Black and White Stories
My darkroom phase wasn’t as much about learning
to see in black & white or teasing the image
out of a negative as it was about nostalgia.
Learning the details of a photo by tracing
my finger over the lines and shades
of a colorless image was like a journey
into the past. My past, and yours.
My early years were captured
primarily in black & white.
Now, as then, I find a story
in those gray shades.
Each time I view the one photo I have of you
as a child I discover new details.
A photo of us, together, says as much
about your life as it does about mine.
And my favorite photo of you, taken
during my darkroom phase.
I trace those lines and find stories.
The photos here are mine
My father (3 years old?)
Sitting on my father’s lap
My father, in the 1980s
This is my response to dVerse Poets: 8th year Anniversary, and the prompt from guest host Brian Miller, which is to write a poem that captures a moment
in a way that evokes memories and experiences.
On her first visit,
I took her to the lake
and the river, of course,
and she marveled.
How could they be so blue?
That river, those lakes,
both great and small,
were my home, and so simply
how they were meant to be.
This is my response to Quadrille #107 – Blue Monday —
the prompt from Kim at dVersePoets Pub, which is to use the word blue
in a 44-word poem, with no required meter or rhyme.
Lake Erie at Buffalo, New York
The Whirlpool in the Niagara River Gorge
(click each to see larger image in new tab)
ballet of fireflies
bids farewell to fading light
evening chill sets in
This haiku is my response to Carpe Diem
Exploring the Beauty of Haiku #1827 Paradox.
I see it more as irony, and perhaps this includes two instances?
Also shared with Colleen’s 2020 Weekly #Tanka Tuesday
#Poetry Challenge No. 185, #Poet’sChoice.
Image source: Museum of Fine Arts Boston
Tree Cricket and Firefly, by Kitagawa Utamoro
buck moon answers with silence
This haiku is my response to Frank Tassone’s #Haikai Challenge #146: Buck Moon.
The July full moon is known as the Thunder Moon,
Hay Moon, Wort Moon, or Buck Moon.
Image source: KOMO News
This senryū is my response to Carpe Diem
Exploring the Beauty of Haiku #1526 Juxtaposition,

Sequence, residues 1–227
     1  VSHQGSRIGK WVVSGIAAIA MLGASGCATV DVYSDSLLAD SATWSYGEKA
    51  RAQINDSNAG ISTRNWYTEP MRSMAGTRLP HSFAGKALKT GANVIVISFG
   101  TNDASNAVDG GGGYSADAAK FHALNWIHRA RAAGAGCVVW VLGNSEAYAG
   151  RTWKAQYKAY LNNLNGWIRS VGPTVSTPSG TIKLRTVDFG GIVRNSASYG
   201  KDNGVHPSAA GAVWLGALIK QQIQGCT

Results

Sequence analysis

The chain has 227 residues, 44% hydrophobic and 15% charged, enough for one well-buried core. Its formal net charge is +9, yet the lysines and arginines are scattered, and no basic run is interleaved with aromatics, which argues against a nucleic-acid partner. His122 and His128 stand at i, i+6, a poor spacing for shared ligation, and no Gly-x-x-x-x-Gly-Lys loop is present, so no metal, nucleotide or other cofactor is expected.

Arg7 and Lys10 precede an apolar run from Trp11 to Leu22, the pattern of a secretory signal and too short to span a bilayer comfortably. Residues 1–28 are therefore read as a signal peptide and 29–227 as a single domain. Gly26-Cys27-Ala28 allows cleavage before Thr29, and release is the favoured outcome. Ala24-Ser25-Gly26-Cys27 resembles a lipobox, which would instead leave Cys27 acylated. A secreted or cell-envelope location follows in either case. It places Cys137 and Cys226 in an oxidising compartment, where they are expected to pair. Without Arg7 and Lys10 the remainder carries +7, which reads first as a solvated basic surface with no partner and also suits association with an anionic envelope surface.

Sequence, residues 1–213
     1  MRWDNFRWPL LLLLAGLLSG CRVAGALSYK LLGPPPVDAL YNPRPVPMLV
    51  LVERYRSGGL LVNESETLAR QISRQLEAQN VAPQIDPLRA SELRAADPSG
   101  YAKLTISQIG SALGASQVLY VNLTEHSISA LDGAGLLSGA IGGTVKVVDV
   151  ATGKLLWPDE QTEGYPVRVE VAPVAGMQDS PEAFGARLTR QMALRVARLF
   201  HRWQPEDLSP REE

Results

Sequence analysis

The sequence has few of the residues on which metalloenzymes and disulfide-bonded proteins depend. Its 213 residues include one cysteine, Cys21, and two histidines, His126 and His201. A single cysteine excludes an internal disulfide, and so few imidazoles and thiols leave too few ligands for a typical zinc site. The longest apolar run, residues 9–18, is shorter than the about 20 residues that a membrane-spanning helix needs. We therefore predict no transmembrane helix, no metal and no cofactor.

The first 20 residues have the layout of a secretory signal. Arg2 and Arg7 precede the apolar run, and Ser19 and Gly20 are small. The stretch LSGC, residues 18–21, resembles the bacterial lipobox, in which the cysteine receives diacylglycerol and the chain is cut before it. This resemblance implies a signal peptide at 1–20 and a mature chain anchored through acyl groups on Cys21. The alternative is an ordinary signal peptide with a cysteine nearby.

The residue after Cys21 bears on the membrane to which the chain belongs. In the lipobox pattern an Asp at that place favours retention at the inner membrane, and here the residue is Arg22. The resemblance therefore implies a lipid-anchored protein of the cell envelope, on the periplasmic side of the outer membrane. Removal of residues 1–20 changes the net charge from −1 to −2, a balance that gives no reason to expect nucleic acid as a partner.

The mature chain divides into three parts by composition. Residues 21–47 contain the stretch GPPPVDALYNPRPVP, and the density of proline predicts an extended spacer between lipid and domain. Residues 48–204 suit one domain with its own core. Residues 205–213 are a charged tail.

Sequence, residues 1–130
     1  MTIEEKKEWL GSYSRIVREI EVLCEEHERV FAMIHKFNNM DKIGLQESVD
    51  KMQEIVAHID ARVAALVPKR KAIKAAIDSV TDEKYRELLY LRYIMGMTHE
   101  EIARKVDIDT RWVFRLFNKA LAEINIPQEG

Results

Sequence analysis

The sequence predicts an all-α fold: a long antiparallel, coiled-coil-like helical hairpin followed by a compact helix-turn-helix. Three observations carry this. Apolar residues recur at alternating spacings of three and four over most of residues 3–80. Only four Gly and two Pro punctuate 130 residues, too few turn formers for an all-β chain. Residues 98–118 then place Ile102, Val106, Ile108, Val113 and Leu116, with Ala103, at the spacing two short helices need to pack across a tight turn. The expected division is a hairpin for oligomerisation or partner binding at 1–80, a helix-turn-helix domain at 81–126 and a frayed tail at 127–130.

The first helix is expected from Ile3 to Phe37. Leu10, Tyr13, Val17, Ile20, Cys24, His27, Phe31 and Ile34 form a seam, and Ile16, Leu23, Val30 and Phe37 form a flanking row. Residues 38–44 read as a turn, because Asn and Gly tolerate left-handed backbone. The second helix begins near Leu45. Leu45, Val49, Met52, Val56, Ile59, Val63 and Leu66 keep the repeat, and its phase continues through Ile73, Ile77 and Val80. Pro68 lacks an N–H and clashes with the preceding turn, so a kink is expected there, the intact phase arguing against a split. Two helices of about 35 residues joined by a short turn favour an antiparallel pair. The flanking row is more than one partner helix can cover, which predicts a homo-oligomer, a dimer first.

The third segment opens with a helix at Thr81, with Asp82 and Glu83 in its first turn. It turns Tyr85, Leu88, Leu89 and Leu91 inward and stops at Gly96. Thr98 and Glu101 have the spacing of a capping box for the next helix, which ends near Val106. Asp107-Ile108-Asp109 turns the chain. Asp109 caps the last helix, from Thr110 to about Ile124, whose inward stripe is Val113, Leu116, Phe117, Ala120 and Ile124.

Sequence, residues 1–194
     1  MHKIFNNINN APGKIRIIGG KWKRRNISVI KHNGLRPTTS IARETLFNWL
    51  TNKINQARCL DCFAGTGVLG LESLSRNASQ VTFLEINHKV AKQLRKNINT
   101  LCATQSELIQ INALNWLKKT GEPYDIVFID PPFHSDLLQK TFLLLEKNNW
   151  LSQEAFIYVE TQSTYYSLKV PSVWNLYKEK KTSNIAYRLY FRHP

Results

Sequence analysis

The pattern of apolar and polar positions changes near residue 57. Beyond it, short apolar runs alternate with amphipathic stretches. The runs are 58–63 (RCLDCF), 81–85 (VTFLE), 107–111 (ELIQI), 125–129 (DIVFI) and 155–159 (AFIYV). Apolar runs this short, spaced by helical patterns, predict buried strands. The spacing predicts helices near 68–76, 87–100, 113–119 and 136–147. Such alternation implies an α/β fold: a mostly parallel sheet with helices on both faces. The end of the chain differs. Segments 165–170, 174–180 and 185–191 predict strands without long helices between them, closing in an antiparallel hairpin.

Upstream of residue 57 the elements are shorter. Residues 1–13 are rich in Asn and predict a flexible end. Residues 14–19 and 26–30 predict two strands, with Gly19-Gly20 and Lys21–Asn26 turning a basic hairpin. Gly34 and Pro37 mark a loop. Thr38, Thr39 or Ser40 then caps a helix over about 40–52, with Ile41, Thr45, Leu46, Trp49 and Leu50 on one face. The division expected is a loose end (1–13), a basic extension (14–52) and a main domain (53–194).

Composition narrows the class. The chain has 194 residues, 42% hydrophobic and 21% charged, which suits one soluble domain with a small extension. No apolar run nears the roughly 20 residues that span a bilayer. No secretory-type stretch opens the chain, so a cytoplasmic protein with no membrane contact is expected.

with the challenge to write a haiku with juxtaposition,
or contrast in comparison – here the switch from virus to reading, playing
off of the term novel (or new). Senryū are often cynical or darkly humorous.
Image source: Wikimedia Commons
at the bird feeder
squirrel stealing seeds
The prompt for Carpe Diem
– Exploring the Beauty of Haiku
is to write a haiku using the apokoinou
technique of writing – the second line acts
as an extension for the first line
and as a beginning for the third line.
finds morning beauty
This haiku is my response to Frank Tassone’s
#Haikai Challenge #144: wild iris.
Image source: Wikimedia Commons
Iris and Kingfisher, by Ohara Koson
so below, within the pulse that emerges
star fields forming just beyond
flames engulfing, just as quickly receding
depth in layers revealing what was always there
currents that conceal nothing and everything
eclipsing perception even as stars dance
their light washing away all you perceive
offering instead an amorphous birth
life in starlight
This ekphrastic poem is my response to the prompt for Reena’s Exploration Challenge #141 – Free Flow, which is to express a free flow of thoughts inspired by As Above, a video by artist Roman Hill showing the surface of a fluid chemical reaction accompanied by a pensive score.
Also shared with Open Link Night #269 at dVerse Poets Pub.
Image: screenshot from the video “As Above”
AS ABOVE from Roman Hill on Vimeo.
nights growing longer
This haiku is my response to Frank Tassone’s #Haikai Challenge #144: Solstice I.
Image: Crescent Moon (16%) 24 June 2020 ~ 8:00pm CST (left) & 10:00pm CST (right)
~~ click image for larger view in new tab ~~
24 June 2017
In Love’s Warmth
A shining day approaches, the celebration of the day, three years ago, when family and friends witnessed the union of two souls beneath a lighthouse tower on the shore of Lake Erie. Our paths, separate and whole, met and became one in a way possible only through a desire to be complete, each with the other, no longer alone. As equals, we gladly followed the path before us, each knowing the love, grief, joy, hardship, and elation of the other.
Experienced by all present, our beacon of love could not be denied.
flow from heart to heart
in love’s warmth
This is my response to Traditional writing: on a shining topic,
the prompt from Lillian at dVerse Poets Pub, which is to write a haibun
about “One Shining Moment” in the writer’s life.